Why This Gastroenterologist Recommends a Vegan Diet for Optimal Gut Health

Vegan Diet Optimal for Gut Health, Says Gastroenterologist Dr. Angie Sadeghi

Vegan doctor Dr. Angie Sadeghi, MD specializes in gastroenterology – involving the digestive system and its disorders – and is determined to raise awareness about the benefits of a plant-based diet.

Dr. Sadeghi began studying the whole-foods plant-based diet in 2014. “That is when I realized this diet was the healthiest diet on earth for disease reversal, disease prevention, and anti-aging,” she told LIVEKINDLY, later naming animal consumption “unnecessary” and “dangerous for health.”

Now working in California, she shares her knowledge of nutrition and health with her patients, and they are receptive to the information. “People come to see me due to gastrointestinal problems and they have suffered long enough where they are ready to make a change,” Dr. Sadeghi said. She added that her years of training provides her with the “luxury” of having detailed knowledge about the human body, allowing her to offer evidence-based advice that is specific to her patients and their illnesses. 


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When I became a vegetarian 15 years ago, I thought my diet would be too restrictive if I stopped consuming dairy. I finally became fully plant-based 4 years ago! Little did I know that my diet would become more plentiful by incorporating many new nutritious foods that I had never ever heard of, such as quinoa, Tempeh, tofu, different types of vegetables, and fruits. The point is, when you start eating a whole food plant based diet, and immerse yourself into that world, plenty of new options get introduced into your lifestyle that you had never dreamed of. I guess my suggestion would be to go for it. Have no fear. It will be the best thing you have ever done, and you’ll regret not having done this sooner ??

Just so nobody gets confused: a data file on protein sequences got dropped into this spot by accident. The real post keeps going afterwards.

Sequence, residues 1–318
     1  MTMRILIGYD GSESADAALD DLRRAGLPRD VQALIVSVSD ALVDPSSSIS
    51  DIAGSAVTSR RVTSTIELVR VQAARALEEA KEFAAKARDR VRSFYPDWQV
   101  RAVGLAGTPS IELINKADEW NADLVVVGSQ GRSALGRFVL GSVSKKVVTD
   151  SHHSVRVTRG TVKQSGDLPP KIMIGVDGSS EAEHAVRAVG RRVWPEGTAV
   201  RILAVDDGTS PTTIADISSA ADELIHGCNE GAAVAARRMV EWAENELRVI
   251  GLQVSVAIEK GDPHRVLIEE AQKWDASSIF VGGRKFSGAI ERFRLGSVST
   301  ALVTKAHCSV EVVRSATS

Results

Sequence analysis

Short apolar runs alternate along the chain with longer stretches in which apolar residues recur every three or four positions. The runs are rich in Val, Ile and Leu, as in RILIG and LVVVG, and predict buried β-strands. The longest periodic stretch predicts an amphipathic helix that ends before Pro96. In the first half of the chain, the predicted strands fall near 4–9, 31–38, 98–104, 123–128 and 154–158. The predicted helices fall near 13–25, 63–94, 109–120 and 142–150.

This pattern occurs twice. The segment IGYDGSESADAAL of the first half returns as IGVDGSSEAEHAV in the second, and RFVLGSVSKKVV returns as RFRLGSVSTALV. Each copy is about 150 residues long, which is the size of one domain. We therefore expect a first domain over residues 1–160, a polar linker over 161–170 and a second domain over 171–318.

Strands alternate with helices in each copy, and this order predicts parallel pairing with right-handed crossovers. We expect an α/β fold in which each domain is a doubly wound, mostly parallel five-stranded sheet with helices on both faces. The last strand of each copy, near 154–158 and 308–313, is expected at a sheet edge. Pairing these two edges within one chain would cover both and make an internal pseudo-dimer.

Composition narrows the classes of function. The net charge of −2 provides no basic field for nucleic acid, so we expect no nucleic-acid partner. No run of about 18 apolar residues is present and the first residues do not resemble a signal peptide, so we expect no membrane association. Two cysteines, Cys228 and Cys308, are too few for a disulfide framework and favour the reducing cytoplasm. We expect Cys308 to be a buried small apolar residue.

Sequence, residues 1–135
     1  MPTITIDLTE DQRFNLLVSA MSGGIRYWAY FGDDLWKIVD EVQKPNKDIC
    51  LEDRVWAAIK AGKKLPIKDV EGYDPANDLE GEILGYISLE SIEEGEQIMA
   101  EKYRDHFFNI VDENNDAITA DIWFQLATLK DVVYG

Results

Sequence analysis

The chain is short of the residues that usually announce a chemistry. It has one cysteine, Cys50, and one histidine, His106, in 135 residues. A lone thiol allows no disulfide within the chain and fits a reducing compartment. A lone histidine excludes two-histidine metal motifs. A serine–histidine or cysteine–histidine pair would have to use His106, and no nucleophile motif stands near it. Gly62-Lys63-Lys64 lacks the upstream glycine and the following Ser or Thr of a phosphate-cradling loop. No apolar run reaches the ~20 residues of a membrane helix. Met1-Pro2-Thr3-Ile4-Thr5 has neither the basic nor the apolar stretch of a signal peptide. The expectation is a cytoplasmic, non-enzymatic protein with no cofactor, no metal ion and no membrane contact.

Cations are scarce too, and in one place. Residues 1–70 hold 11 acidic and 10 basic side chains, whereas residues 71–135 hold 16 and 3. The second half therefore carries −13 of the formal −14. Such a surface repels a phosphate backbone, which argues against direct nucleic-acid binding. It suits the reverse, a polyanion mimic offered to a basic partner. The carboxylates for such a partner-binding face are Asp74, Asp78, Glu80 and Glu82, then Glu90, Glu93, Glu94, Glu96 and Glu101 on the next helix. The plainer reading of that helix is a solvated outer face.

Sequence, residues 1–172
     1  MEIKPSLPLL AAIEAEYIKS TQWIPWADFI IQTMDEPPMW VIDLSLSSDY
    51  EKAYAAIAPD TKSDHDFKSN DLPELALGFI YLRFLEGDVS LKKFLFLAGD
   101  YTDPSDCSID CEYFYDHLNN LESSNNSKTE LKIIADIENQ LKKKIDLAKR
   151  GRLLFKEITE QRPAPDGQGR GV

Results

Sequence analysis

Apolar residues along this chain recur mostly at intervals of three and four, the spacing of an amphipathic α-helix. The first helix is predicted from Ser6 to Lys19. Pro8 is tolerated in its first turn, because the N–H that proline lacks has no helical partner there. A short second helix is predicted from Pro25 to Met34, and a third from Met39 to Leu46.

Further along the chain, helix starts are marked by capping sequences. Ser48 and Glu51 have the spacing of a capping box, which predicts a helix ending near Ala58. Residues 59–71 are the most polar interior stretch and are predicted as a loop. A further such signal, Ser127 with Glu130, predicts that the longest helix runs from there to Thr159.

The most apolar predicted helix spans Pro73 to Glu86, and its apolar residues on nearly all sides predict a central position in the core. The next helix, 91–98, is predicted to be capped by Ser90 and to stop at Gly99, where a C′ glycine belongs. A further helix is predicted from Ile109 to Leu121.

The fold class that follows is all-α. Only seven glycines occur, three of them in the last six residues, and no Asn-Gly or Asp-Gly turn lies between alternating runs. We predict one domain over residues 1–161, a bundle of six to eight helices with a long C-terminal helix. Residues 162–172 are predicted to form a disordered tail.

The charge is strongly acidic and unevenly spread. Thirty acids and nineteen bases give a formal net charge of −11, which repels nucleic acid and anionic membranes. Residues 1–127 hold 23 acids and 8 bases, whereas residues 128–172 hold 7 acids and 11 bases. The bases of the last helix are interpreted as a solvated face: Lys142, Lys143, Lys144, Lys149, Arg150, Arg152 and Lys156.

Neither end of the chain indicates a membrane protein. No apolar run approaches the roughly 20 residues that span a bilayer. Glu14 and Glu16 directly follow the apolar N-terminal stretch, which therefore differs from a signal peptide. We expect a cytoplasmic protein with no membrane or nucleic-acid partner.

A post shared by Dr. Angie Sadeghi, MD (@angie.sadeghi) on

While many patients come to her after suffering for some time, Dr. Sadeghi maintains that the best approach is “disease prevention rather than disease management,” beginning with lifestyle changes. She advises a plant-based diet alongside daily exercise to best prevent disease, but acknowledges that this can be hard to implement; “Execution can be difficult because we live in an unhealthy world with restaurants serving greasy, salty, sugary foods, geared towards people’s taste buds rather than health.” But it is “certainly doable,” she said, and alongside the ever-growing demand for animal-free foods, more brands launch vegan products, making it easier than ever to adopt the lifestyle without missing out on the flavors many of us have come to know and love.

Dr. Sadeghi isn’t the only advocate for vegan foods for prime gut health. A study published in the journal The American Gut suggests that a vegetable-rich diet an help promote healthier gastrointestinal microbiome – the living bacteria and microbes present in the gut. Other research touts similar results, showing the role of diet in gastrointestinal microbiome, that impacts metabolism, immunity to disease, and overall health.

Although a rapidly growing bank of research supports plant-based eating as an avenue for optimal health, some professionals in the medical field lag behind. “Unfortunately this information is widely ignored and not practiced,” Dr. Sadeghi said, even though the literature “obviously” points to the importance of diet in gut health.

“Most [physicians] have never been exposed to the literature, and unfortunately have learned biased literature which has been dictated by the meat and dairy industry,” she said.

Change is coming, she insists, but it could take another two decades to see modern material included in medical school curriculums. “Until then, don’t rely on bad information,” she said, recommending that people switch to a plant-based physician if possible (you can find a list of them online). For those who can’t change physicians, the doctor suggests reading resources from various plant-based societies to learn more about healthy, plant-based eating.


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Dr. Sadeghi moved to the United States when she was 14. She is originally from Iran, where awareness of veganism is “very low.” This is common for developing countries, she said; “There is lack of awareness because most people are living in survival mode rather than thrive mode.”

Heart disease is very common in Iran and many young men and women die of coronary artery disease,” Dr. Sadeghi explained, adding that cancer is also “very prevalent” in the country, with a driving cause of the disease being poor diet. While meat and dairy consumption is often linked to conditions like liver disease, diabetes, and cancer, a plant-based diet is said to be an effective way of combatting these, as well as reducing the risk of cardiovascular disease, chronic disease, and early death.

The doctor, who raises her son as vegan, recommends other parents to do the same “because their children will thank them for it in the future.”

Image Credit: Dr. Angie Sadeghi

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